ravi lad has a lot to be proud of on “proud”
Halfway through his debut single “proud,” there’s a moment where newcomer ravi lad stops, if only for a second, and asks himself a simple question about his pursuit of music. “Am I fine, or should I give it a try?”
For lad and many other Asian American creatives, there comes a point in their lives when that question inevitably crosses their minds. Oftentimes stuck between pursuing passion and pursuing a high-paying “traditional” career (see: doctor, lawyer, businessman), many first and second generation Asian Americans find themselves at a crossroads when it comes to choosing a future for themselves. Add to that the incessant pressure from overbearing parents and you’ll find that a lot will choose to opt for that “safer” option at the price of their own happiness. On “proud,” that internal struggle is made loud and clear.
As a petroleum engineer by day and musician by night, ravi lad (stylized with all lowercase letters) tells that story in a way that pulls on your heartstrings. A confessional, biographical pop song, “proud” is lad’s way of exploring the musical world from his unique lens. Worked into the very fiber of “proud” are lyrical snippets of the artist’s own life, ranging from advice that he’s been given (“You’ve gotta go to school and bring back all straight A’s / Remember don’t eat meat and pray every day / Stick to your path in your lane”) to the eventual promise of happiness if he just sticks to his parent’s pre-determined plan… and his eventual rejection of it. lad, who wrote and produced the song by himself, pulls out all of the stops for his first release. Multiple tempo shifts cause lad to deftly rap over ebbing beats. A nonsensical singalong chorus (“La-mm-da-daa”) comes out of nowhere to add levity to the song before it becomes too introspective. The emotional weight of “proud” is heartbreaking and moving (especially in the last few lines), making it a bit hard not to get choked up at the way that he sings his words.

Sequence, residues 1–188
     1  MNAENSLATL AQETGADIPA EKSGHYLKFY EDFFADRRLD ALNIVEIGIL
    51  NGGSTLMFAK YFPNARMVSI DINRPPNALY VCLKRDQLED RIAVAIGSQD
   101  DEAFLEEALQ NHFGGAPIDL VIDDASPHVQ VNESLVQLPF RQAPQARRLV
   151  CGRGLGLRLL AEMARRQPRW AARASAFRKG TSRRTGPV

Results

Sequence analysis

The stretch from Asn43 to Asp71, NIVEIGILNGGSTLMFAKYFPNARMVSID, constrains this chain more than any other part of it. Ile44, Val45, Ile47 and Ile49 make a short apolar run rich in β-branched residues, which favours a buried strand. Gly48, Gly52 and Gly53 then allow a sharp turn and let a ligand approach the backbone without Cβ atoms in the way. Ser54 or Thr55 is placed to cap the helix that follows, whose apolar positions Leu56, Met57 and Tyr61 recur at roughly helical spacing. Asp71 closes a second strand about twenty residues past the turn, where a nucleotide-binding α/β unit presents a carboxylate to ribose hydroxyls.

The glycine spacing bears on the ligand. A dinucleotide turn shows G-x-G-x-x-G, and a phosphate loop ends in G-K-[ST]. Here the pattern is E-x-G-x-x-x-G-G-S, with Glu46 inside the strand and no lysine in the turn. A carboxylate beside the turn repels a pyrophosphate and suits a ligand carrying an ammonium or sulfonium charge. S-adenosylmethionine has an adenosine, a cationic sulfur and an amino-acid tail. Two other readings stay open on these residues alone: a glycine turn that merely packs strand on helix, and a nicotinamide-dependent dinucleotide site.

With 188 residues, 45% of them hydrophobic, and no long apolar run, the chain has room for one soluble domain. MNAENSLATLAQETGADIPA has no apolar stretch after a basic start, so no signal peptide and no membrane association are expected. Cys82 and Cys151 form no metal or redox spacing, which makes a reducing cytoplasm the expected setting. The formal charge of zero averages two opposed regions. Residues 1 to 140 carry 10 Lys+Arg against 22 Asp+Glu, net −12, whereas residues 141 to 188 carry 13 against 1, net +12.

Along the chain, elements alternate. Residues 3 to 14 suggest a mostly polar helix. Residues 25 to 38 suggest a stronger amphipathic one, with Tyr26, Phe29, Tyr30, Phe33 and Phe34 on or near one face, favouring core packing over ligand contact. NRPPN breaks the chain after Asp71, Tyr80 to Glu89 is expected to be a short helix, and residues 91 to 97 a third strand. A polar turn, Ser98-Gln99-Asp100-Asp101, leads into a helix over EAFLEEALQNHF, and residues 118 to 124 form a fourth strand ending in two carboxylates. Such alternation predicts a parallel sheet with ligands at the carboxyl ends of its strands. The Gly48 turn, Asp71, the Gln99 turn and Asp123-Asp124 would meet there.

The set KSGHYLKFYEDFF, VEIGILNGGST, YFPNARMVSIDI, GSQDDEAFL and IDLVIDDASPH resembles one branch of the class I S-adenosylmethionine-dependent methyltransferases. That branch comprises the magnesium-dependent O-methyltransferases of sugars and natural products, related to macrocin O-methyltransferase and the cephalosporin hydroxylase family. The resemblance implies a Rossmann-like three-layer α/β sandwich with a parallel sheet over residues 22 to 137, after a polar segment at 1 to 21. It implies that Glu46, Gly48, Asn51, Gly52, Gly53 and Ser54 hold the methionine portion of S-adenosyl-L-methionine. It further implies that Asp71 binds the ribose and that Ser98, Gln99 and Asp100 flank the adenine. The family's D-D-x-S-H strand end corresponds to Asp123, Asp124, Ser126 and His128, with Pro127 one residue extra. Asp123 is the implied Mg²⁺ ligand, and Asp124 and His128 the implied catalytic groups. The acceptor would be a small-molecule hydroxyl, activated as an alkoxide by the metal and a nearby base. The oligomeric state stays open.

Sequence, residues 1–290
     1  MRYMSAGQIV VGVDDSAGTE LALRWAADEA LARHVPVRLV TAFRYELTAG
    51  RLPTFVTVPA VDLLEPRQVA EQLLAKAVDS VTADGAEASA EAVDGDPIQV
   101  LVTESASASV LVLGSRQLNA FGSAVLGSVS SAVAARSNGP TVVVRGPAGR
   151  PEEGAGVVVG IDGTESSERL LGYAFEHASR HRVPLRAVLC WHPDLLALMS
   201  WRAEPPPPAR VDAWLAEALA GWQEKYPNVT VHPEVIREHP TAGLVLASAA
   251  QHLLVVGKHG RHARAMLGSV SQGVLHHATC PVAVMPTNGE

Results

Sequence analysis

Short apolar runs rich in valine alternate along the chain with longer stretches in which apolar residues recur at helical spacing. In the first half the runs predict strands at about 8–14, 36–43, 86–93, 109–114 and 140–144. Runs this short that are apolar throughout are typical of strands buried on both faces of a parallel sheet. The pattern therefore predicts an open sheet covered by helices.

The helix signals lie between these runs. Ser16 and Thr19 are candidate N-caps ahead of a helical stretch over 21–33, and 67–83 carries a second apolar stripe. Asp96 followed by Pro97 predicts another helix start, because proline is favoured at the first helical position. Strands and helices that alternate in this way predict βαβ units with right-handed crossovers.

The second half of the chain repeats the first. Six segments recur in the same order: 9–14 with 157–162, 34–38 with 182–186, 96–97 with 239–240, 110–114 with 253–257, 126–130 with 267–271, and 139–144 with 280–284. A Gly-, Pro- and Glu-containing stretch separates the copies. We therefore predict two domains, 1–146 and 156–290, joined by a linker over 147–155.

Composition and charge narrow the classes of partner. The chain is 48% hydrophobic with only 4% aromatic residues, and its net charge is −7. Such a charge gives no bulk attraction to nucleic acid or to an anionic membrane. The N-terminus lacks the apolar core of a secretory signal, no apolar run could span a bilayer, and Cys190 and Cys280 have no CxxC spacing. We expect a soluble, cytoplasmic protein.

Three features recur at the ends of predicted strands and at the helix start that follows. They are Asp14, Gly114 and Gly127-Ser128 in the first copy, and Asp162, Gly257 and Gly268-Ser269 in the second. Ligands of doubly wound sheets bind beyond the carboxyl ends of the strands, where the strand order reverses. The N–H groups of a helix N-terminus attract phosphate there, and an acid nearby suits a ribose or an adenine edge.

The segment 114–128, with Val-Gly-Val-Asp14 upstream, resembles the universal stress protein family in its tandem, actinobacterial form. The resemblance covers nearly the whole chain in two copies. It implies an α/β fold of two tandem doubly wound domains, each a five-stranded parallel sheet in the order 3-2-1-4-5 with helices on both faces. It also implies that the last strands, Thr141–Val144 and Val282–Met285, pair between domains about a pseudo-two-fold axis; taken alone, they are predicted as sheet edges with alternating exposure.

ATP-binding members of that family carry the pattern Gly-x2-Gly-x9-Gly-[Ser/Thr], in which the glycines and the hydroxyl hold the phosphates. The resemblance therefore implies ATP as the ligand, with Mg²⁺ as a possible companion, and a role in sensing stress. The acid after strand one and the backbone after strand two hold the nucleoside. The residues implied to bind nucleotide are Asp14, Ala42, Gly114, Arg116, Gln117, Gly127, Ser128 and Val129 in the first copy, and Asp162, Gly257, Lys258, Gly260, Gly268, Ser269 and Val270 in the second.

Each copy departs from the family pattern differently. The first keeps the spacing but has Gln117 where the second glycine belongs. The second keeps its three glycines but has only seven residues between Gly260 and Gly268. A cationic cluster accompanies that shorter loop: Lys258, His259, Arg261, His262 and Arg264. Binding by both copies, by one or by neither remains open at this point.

“proud” therefore becomes a difficult, yet subtle act of defiance guided along by electropop kickdrums, pianos, and strings. Surprisingly remaining largely upbeat even given the heavily personal subject matter, lad’s song is a bold first step towards reinventing himself.
But perhaps more than anything, “proud” powerfully pleads the case of his musicianship to the people that matter the most to him–and more importantly, himself.
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Li-Wei Chu is the chief editor of From the Intercom. When he’s not editing drafts and searching for new artists to cover for the website, he loves watching cult films, cooking, and listening to his ever-growing collection of vinyl records. You can follow him on LetterBoxd and make fun of his taste in movies here!
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